Bank of England Cuts Interest Rates to 0.25%

UK interest rates have been cut for the first time in more than seven years as the Bank of England moves to boost the economy in the wake of the Brexit vote

Emma Wall 4 August, 2016 | 12:04AM
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UK interest rates have been cut to a new record low of 0.25%. More than seven years after the Bank of England cut rates to 0.5%, economic concerns following the Brexit vote have led the Monetary Policy Committee to vote for a further rate cut.

Bank Governor Mark Carney announced at midday today that the MPC had voted to cut interest rates to 0.25% at 9 member votes to 0.

The Bank of England has also announced a quantitative easing programme worth £70 billion, of which up to £10 billion can be spent buying high quality sterling corporate bonds issued by companies that make a material contribution to economic activity in the UK. The remainder will be gilt purchases. This is the first QE in more than three years, although 20% of outstanding gilt assets in the UK belong to the Bank from prior QE initiatives.

A new funding for lending programme was announced to incentivise banks and building societies to boost their lending to the UK real economy.

The FTSE 100 has bounced off the back of the news up to 6,727, driven in particular by property and financial companies. The biggest risers at the time of writing were Aviva, Standard Chartered, Shell and Kingfisher. The value of sterling has fallen.

In his letter to the new Chancellor Philip Hammond, Carney wrote the MPC had voted for stimulus in order to “strike an appropriate trade-off between supporting growth and returning inflation sustainably to the target over an appropriate horizon”. He continued:

“The UK is a highly flexible, dynamic economy. These characteristics will help it to move to a new equilibrium as its future relationship with the European Union becomes clear and new opportunities with the rest of the world open up. Many of the adjustments needed to move to that new equilibrium are real in nature, and are not the gift of monetary policy makers. Nonetheless, monetary policy can still play a role in smoothing part of this adjustment by appropriately balancing the forces acting to push inflation above the target with those expected to push activity below the economy's new path for potential output.”

The move was much anticipated; Carney committed to action in August last month, once the economic effects of the Brexit vote had become clearer. Prioer to the last MPC announcement in July, the market priced in a 78% chance of an interest rate cut, and had a volatile reaction to the surprise news the MPC voted to hold rates. At the time Carney said that the Brexit effect was as-yet unclear. But in the past week data has started to emerge which shows the anticipation of the UK leaving the European Union has begun to affect productivity and output.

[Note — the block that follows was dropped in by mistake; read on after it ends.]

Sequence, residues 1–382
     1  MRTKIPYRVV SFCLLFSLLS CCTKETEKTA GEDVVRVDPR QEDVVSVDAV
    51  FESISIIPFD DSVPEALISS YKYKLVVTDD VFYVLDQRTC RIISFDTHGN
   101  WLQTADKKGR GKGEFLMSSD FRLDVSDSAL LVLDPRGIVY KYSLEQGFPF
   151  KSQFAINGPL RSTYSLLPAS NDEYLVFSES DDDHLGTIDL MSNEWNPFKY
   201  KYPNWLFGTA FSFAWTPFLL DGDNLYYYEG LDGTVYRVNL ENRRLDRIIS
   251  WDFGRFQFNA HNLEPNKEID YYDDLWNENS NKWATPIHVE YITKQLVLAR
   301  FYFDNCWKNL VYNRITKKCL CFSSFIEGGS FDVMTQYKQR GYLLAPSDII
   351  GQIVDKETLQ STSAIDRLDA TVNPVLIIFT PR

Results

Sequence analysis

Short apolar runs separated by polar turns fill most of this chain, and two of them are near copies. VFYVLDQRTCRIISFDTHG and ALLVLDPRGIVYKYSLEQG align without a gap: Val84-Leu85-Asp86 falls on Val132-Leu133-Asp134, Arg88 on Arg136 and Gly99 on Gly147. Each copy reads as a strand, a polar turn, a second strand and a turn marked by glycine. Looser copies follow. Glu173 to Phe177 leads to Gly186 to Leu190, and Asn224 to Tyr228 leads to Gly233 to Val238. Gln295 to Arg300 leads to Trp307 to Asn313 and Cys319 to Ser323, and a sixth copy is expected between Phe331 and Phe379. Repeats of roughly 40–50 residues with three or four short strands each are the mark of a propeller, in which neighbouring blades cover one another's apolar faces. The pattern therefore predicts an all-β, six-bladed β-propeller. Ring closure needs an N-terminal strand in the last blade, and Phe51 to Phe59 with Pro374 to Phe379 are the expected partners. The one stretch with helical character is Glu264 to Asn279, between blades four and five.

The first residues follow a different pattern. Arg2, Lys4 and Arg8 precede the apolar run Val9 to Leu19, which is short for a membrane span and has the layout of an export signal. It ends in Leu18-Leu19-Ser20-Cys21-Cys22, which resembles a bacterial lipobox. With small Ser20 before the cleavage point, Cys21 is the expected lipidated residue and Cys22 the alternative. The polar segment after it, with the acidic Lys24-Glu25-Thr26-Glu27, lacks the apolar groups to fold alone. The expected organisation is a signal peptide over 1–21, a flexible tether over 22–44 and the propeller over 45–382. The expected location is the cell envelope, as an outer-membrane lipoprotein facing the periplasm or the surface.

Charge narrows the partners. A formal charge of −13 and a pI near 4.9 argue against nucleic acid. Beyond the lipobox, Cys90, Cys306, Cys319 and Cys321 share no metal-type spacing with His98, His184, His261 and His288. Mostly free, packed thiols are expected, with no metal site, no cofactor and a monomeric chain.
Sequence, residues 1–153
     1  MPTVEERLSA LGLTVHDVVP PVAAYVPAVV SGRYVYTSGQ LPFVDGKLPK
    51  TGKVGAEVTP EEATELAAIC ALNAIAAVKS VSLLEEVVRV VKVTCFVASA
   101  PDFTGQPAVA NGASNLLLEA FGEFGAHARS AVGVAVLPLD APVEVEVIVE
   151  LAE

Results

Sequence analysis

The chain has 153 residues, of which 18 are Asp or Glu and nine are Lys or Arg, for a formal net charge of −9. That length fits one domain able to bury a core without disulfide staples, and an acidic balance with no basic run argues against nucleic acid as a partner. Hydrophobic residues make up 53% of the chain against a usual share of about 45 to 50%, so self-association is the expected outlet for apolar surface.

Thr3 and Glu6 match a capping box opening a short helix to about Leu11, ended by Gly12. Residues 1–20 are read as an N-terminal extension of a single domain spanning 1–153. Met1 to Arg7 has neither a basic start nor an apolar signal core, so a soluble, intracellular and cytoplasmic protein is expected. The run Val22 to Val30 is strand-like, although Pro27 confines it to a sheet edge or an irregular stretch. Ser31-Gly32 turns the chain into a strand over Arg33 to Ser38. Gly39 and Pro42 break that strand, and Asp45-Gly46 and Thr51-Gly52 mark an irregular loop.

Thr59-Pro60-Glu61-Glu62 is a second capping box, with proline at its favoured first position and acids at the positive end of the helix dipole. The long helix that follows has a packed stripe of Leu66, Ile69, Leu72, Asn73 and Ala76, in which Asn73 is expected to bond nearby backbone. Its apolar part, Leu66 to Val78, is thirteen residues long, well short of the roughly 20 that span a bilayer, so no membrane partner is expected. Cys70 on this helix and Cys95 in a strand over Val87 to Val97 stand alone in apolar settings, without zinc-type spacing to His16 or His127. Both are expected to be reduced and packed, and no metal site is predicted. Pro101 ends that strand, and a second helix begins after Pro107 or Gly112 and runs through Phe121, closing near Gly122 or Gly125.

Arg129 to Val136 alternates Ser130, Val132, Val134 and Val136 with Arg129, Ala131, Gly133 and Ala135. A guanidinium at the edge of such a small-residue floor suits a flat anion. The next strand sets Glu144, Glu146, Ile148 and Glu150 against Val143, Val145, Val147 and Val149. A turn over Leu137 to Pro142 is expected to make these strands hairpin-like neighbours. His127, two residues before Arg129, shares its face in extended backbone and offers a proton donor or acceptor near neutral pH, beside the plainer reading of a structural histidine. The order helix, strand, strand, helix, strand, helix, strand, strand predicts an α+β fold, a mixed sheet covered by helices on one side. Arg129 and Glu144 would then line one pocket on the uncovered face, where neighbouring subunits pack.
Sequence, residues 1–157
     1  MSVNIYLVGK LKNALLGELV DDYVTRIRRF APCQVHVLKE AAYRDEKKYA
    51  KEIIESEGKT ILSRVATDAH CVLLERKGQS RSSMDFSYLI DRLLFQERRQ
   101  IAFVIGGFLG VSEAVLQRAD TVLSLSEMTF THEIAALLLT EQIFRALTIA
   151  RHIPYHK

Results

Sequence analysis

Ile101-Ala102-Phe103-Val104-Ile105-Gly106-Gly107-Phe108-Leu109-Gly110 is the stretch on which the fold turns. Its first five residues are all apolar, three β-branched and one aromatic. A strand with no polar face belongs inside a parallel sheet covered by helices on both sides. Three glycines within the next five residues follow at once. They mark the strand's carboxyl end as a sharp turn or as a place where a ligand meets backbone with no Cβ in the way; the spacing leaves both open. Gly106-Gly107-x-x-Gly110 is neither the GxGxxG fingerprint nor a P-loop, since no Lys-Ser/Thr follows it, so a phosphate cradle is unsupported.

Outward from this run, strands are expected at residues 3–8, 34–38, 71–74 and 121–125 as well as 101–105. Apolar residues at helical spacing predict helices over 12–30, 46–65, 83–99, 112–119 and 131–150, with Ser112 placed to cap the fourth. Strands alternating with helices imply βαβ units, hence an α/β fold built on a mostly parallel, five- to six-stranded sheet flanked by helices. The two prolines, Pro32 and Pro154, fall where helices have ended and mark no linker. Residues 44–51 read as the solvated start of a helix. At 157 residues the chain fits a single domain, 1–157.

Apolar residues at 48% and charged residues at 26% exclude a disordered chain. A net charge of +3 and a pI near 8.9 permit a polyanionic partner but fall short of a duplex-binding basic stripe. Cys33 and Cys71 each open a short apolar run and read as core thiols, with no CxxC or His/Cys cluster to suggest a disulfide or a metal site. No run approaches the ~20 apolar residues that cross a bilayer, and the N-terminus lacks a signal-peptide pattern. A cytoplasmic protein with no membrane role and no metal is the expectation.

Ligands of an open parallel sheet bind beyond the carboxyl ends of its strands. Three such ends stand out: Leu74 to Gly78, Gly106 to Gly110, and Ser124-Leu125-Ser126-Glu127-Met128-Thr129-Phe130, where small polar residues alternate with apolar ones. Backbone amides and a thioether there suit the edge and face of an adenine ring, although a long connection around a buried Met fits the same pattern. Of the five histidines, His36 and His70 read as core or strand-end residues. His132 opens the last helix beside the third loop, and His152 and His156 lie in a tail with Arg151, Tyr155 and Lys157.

Will the Rate Cut Work?

Several economists have called into question how effective cutting interest rates will be to boost an ailing economy. Alexis Gray, economist for Vanguard Asset Management said that the UK rate of 0.5% was considered the floor by the markets for nearly a decade, but recent central bank action in both Europe and Japan showed that negative rates are a possibility.

“There has been talk about the tools central banks have being ineffective and banks have begun referring to fiscal policy rather than quantitative easing to boost growth. There is an acknowledgment that there needs to be no austerity or tax raises if rate cuts are to work,” she said.

“The Bank of England is unlikely to take rates negative – we have not had the deflationary pressures in the UK that both Europe and Japan have been fighting, nor have we had the unemployment problems seen in Europe. Weak sterling will drive inflation higher – already core inflation, stripping out the oil price, is much closer to the government target of 2%.”

“The Bank will want to keep sterling weak – this attracts investment in the economy from overseas,” she added.

Nick Dixon, investment director at Aegon said that the rate cut should stave off a downturn but the question is how long the low rate environment will last.

“Looser monetary policy, coupled with declining pound and a structurally high trade deficit, will lead to higher inflation,” he said. “This may need to be checked by interest rate increases within 6 to 9 months, which are likely to rise faster and higher than current market expectations.”

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Emma Wall  is former Senior International Editor for Morningstar